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Friday, Sep. 19, 2014

Caboose delivered to Wheaton museum

Friday, December 4, 2009

(Photo)
The Wheaton Depot Museum's new caboose was lifted from a truckbed and placed on a track laid just for it. The caboose was hoisted by a crane from Bremer Machine in Monett. [Times Photo by Murray Bishoff]
The town of Wheaton now has a railroad caboose to go with its Depot Museum.

Wheaton's new prize arrived on Thursday morning and was placed on a railroad track built specifically for the car beside the museum. Museum organizers, who have made their facility a shrine to Wheaton's railroad history, greeted the arrival by ringing the recently acquired Swindle College bell.

The caboose is the first railroad car in Wheaton since the train station closed on Sept. 8, 1946.

Accepted as a donation, the caboose came to Wheaton through a culmination of networking. Betty Lamberson placed the depot on the National Register of Historic Buildings in an effort to save it before the museum organized. In so doing, she alerted railroad enthusiasts to Wheaton's aspirations to retain its heritage.

Subsequent networking with the Missouri and North Arkansas Railroad Museum in Harrison, Ark., led to premier railroad historian Jim Wakefield, who provided a wide range of train information, including details on cabooses. Railroad buff Tim Kubat, of Republic, sent copies of building plans that matched Wheaton's facility, making restoration possible.

Word between railroad fans reached Jane Bullard, who owned the Country Caboose near Duneweg. Bullard owned two cabooses and a Pullman passenger car, which she had at her place of business.

"She found us," Lamberson said.

Bullard travelled to the Wheaton Depot Museum when it became operational this year and asked if they would like to have a caboose.

For Ralph Lamberson, who wrote the Wheaton centennial book with his wife, Betty, and spearheaded the museum project, the offer was like a dream come true. Months of planning went into preparations to get the caboose.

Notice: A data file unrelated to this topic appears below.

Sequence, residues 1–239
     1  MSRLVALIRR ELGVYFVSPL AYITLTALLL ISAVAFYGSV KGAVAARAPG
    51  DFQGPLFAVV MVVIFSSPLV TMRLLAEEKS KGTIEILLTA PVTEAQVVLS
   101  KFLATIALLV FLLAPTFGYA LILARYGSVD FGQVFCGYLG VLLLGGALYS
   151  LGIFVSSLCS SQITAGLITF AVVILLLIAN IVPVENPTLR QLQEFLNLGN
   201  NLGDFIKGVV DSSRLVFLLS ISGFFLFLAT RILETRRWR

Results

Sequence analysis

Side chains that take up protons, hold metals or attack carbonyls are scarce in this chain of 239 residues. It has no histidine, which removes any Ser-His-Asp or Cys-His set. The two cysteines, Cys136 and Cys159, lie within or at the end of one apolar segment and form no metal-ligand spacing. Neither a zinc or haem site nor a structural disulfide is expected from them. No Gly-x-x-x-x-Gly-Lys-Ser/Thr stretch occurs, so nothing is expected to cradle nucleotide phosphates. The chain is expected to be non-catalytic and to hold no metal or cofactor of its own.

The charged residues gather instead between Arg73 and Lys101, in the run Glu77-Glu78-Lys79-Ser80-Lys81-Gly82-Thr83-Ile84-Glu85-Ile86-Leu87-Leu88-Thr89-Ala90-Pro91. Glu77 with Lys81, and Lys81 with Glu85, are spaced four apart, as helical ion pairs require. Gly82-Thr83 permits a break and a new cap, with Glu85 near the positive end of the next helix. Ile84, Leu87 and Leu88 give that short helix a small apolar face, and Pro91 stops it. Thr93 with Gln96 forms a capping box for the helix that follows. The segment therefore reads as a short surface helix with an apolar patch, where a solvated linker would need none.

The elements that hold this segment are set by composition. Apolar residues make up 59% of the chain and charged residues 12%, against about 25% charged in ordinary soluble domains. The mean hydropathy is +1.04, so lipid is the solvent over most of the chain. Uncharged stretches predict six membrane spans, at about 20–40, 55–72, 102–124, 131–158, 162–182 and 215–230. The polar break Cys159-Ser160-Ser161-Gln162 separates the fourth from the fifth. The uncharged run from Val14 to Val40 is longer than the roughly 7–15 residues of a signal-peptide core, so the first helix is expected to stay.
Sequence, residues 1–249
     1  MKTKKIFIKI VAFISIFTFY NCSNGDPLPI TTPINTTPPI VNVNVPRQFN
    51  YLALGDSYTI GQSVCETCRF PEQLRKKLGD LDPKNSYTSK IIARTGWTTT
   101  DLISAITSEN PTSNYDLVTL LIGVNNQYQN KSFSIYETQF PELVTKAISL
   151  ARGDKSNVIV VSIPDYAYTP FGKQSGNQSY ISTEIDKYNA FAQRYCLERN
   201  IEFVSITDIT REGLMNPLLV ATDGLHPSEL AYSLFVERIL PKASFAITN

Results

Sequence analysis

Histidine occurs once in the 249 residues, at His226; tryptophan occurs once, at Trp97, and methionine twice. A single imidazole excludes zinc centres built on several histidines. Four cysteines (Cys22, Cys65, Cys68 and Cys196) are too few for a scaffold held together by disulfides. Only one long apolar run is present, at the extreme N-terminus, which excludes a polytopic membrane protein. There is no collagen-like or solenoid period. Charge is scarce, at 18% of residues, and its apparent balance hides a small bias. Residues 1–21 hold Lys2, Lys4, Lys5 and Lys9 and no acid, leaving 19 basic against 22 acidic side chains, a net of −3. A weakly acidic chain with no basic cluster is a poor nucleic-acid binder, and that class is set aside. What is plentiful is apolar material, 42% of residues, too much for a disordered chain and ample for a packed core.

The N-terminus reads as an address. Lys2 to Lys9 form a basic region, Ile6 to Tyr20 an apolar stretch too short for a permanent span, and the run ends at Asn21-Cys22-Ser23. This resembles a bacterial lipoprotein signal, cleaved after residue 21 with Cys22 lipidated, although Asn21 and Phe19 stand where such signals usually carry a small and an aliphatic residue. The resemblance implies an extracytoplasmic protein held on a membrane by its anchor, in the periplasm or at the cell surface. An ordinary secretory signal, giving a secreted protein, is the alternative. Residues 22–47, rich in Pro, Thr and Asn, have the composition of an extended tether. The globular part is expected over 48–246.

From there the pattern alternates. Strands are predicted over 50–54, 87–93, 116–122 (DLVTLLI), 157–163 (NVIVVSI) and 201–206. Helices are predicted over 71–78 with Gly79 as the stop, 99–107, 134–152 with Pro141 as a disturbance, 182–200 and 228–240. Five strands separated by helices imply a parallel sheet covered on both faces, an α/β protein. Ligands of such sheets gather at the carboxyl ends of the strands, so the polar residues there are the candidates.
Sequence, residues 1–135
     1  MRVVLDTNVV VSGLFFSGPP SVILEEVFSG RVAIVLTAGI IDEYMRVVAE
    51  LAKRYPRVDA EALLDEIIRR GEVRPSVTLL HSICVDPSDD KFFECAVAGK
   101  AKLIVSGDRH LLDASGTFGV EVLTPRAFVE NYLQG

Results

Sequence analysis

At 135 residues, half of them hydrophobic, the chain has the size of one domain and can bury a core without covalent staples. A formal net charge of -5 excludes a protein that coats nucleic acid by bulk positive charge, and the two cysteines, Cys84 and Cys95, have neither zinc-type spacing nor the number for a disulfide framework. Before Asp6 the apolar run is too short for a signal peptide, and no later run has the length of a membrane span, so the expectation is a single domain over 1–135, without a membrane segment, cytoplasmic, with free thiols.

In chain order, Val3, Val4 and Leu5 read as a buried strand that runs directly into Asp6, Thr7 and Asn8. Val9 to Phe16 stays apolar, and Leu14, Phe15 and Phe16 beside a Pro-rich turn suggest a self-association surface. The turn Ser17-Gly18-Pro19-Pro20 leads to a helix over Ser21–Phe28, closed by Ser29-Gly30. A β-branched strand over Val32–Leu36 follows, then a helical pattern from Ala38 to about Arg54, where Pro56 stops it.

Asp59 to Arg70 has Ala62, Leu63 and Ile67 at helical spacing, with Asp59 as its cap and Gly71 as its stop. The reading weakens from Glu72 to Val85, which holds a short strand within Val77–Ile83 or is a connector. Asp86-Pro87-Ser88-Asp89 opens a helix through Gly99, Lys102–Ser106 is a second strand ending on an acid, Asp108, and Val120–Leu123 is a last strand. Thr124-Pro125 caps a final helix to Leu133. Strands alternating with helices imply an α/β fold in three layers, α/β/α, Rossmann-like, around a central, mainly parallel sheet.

Retired railroad employee Bob King, who lives in Oronogo and works with the Corona, Kan., railroad museum, laid the track for the caboose in the same place the rail line once ran.

Local trucker John Holloway made arrangements to bring the caboose and its wheels in separate shipments to Wheaton. Crews from Glen Garrett's Tri-State Motor Transit headquarters brought forklifts to load the trailers. The two wheel assemblies, weighing 7,000 pounds each, loaded fine. The 23,000-pound caboose sat too high on the trailer to transport.

Garrett came to the rescue and provided a lower trailer that allowed the caboose to ride at a height of 15 feet. The wheels were brought to Wheaton on Wednesday. The caboose arrived on Thursday morning. Both trailers were unloaded by Kelly Bremer with a crane from Bremer Machine Shop in Monett.

"I can't say enough about those guys," Ralph said. "They were super."

The wheels were moved onto the track, with a bit of guidance from volunteers King and J.P. Hickman. The caboose arrived within the hour. After getting one more piece of rigging back in Monett, Bremer directed the team on how to wrap the 40-foot straps around the car and secure it. With two straps secured around the middle third of the caboose, the car was lifted into the air. The wood creaked audibly as it was suspended. Then the crew unchained the caboose from the trailer, and the final move was underway.

As Bremer pivoted the crane, the volunteers pushed the caboose until it lined up over the track. One end was then raised as the other slowly settled over the spike extending up from the wheel assembly. Once the back was in place, the front end was slowly lowered onto the other wheel assembly's spike.

The next step for museum volunteers will be fixing up the caboose and painting it with the Missouri-North Arkansas Railroad shield logo. Ralph Lamberson said the caboose will be restored to the Arkansas-North Missouri colors as closely as possible, which are brighter than the darker Frisco shade of red.

Cosmetic work will be needed on the exterior, Ralph Lamberson said. The previous owner had taken out two of the three windows on one side, replacing one with a door. One end has a window where a door had been as well. Lamberson plans to restore the original look. Siding for the car is still being manufactured, he said.

A similar caboose sold in the past year for $15,000. The Lambersons were overjoyed at managing the undertaking with almost all the services to get the caboose in place having been donated, along with the caboose itself.

The Wheaton Museum is now open four afternoons a week on Wednesdays, Thursdays, Saturdays and Sundays. Residents will have their first chance to look the caboose over after the Christmas parade at 6 p.m. on Dec. 12.



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